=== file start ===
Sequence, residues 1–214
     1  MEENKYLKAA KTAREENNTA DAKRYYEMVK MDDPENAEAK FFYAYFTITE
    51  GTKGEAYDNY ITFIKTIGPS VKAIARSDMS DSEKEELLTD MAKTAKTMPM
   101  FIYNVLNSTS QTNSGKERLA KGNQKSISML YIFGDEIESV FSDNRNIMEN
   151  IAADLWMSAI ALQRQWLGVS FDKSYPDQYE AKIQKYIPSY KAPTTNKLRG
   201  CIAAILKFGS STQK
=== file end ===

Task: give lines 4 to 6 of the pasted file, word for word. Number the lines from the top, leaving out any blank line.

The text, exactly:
   101  FIYNVLNSTS QTNSGKERLA KGNQKSISML YIFGDEIESV FSDNRNIMEN
   151  IAADLWMSAI ALQRQWLGVS FDKSYPDQYE AKIQKYIPSY KAPTTNKLRG
   201  CIAAILKFGS STQK